Thursday, 29 December 2011

How to get a diagnosis

I knew there was something different about my son from when he was about 6 months old. He didn't cry, smile, babble or move. It's ironic because the medical profession, who worried me sick when Bobby was a baby with scares of jaundice, too tall, not gaining enough weight, were completely panic free when there actually was something the matter.

Every new parent is given THE RED BOOK. This book is to be brought to every appointment and weigh in, filled in regularly and kept in a fire proof, damp proof, lockable safe chained to the wall and guarded by laser beams. It's that important. No new parent, however brave, would dare forget to take THE RED BOOK to an appointment with any health professional.

One of the pages in THE RED BOOK charts the growth of baby. It is marked as a percentage, or 'centiles' and there are lines between which the 'normal' baby should fall. By the time Peter was 2 his height and weight were well under 'normal' on the 7th and 9th centile respectively, and his enormous head was off the scale. As Bobby had often bordered the 'normal' line I was expecting some kind of reaction to this, however the doctor who saw Peter wrote in his report that this was nothing to worry about as "Mother was short with a big head." Humph.

When Peter was 4, a different doctor asked if Peter was showing any signs of toilet training or awareness of 'movements'. I told the doctor that Peter, who had very little speech, would sometimes indicate that he had soiled his nappy by saying "Stinky bum" or, in Peter speak, "Gik gik m-uh." This was translated by the doctor in his report as, "When Peter has soiled his nappy he will ask his mother to change him by saying 'Kinky Mum'." I ask you. It's a wonder I wasn't put straight on some kind of register.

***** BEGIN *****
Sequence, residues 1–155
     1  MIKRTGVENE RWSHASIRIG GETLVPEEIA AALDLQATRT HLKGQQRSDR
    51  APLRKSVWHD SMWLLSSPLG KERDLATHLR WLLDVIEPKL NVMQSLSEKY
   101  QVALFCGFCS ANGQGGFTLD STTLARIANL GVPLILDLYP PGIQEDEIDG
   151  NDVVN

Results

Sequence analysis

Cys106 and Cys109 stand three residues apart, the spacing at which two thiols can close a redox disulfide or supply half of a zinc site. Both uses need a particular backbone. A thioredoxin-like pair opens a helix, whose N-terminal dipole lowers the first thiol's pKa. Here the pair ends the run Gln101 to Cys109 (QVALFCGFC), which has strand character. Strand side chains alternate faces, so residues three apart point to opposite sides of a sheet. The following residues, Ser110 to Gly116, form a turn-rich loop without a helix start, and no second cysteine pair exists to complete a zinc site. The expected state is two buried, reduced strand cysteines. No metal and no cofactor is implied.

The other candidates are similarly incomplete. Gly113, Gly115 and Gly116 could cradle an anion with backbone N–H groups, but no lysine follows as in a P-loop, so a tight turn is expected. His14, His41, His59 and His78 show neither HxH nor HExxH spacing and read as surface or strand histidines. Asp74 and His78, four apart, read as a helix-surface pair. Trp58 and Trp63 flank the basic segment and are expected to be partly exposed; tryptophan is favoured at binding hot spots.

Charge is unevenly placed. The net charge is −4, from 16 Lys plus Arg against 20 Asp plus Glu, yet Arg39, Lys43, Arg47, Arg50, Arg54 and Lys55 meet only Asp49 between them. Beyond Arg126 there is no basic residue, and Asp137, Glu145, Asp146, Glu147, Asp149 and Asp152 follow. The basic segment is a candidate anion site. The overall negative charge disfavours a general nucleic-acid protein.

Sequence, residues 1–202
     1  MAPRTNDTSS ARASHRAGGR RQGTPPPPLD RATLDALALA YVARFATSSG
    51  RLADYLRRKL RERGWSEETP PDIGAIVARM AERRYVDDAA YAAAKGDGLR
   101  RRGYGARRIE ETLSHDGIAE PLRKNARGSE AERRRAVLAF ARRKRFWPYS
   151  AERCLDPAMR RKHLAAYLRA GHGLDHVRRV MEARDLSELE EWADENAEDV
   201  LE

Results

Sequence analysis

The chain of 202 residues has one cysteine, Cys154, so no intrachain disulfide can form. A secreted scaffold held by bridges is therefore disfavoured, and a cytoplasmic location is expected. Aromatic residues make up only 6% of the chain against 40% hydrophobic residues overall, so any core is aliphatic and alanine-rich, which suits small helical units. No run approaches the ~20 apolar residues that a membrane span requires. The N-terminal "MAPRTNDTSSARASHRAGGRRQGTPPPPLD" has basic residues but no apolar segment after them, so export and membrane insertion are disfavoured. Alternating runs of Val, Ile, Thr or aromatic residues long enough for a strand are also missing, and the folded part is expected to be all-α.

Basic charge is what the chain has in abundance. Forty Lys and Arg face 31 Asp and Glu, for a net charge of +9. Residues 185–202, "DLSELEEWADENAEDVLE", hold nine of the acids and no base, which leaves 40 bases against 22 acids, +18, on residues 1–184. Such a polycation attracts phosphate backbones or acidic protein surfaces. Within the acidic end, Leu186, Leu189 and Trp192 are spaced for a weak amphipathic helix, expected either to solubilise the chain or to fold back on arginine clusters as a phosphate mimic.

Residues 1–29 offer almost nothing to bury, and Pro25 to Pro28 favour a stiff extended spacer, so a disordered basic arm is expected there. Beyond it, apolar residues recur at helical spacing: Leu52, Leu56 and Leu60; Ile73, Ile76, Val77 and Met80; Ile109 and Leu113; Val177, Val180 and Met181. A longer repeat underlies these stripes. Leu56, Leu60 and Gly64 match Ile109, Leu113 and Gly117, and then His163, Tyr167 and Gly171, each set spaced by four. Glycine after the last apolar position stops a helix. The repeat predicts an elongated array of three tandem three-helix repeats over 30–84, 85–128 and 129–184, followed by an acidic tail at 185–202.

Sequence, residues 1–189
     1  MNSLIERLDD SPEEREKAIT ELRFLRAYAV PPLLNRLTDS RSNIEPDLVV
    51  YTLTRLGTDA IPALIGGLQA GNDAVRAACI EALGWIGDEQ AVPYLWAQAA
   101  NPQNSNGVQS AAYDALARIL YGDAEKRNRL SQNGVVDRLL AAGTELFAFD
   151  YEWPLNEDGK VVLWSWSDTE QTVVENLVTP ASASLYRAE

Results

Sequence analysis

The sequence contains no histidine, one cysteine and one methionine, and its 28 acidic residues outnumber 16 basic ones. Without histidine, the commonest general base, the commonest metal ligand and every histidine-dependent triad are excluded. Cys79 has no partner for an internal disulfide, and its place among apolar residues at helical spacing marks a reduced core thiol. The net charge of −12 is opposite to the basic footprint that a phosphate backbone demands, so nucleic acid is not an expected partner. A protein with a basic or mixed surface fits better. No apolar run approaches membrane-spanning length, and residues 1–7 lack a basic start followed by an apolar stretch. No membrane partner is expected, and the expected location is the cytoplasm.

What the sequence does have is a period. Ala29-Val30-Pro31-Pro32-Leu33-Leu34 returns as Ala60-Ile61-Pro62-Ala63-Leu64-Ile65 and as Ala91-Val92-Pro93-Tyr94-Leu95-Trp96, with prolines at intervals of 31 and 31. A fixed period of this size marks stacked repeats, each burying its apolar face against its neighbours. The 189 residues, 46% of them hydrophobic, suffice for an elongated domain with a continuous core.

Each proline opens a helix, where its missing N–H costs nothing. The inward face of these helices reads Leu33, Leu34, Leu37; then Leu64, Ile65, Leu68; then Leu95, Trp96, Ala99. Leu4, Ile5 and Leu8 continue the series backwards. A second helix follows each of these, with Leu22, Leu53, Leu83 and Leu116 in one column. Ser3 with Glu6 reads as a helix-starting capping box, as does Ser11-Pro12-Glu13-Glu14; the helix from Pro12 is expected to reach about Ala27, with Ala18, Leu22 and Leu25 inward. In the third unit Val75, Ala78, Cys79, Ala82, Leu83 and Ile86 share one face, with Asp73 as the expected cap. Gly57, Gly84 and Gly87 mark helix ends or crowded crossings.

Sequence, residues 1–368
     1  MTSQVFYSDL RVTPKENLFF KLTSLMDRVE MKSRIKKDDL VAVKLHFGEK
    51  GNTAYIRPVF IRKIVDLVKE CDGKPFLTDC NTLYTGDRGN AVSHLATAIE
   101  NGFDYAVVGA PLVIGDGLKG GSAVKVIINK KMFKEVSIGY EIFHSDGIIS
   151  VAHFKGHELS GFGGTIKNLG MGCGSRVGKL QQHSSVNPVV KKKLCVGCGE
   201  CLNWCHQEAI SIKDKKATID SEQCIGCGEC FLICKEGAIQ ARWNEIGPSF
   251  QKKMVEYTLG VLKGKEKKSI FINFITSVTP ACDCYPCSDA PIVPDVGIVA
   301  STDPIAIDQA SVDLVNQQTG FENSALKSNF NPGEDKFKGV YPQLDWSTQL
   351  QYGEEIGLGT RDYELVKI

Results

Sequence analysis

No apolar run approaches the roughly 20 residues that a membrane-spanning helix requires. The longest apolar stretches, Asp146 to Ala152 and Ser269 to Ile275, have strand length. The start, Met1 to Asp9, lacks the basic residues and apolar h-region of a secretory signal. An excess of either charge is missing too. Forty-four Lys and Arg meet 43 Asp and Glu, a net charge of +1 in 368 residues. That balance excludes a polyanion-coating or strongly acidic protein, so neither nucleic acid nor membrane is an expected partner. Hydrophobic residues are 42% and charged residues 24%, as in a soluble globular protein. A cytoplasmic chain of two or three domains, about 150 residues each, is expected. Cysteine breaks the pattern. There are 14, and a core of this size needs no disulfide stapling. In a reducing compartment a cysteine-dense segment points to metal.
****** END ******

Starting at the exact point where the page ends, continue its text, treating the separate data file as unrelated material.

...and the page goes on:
Any parent who has a child with 'additional needs' (I think that is the latest Politically Correct term...) will know that it is not the moment the doctors give the diagnosis that is the hard part, it is getting the doctors to listen to you in the first place. I eventually got a diagnostic appointment for Peter by changing his routine (guaranteed to make him scream blue murder), sitting in the GP's office and refusing to leave until I had an appointment. By the time Peter had trashed the place, I had an appointment for the following week. Peter was diagnosed with hypotonia and autism, at which point the medical profession and support groups could not do enough for me.

To those parents who are going through this, I would say that tantrums in the over 18s work. Keep throwing them and people will listen. Unorthodox advice, but it works. To those who work with these children I would say be patient with us parents; there's a reason we're a nightmare breed.

Today: Embrace the difference
I call Peter my Little Weirdo. He is proud of his title. I tell him all the time that ordinary people grow up to stack shelves or work in offices; it's the extraordinary people who change the world. I'm expecting great things from my Little Weirdo. Watch out world!

Mama Jax

Sunday, 4 December 2011

How to make the most of Santa

It's that time of year again when excited little faces begin to look eagerly to the sky and count down the sleeps 'til Santa. It's also the easiest time of year to keep your small ones in check. If you are having trouble disciplining your child, may I suggest that now is the best time to crank things up a notch.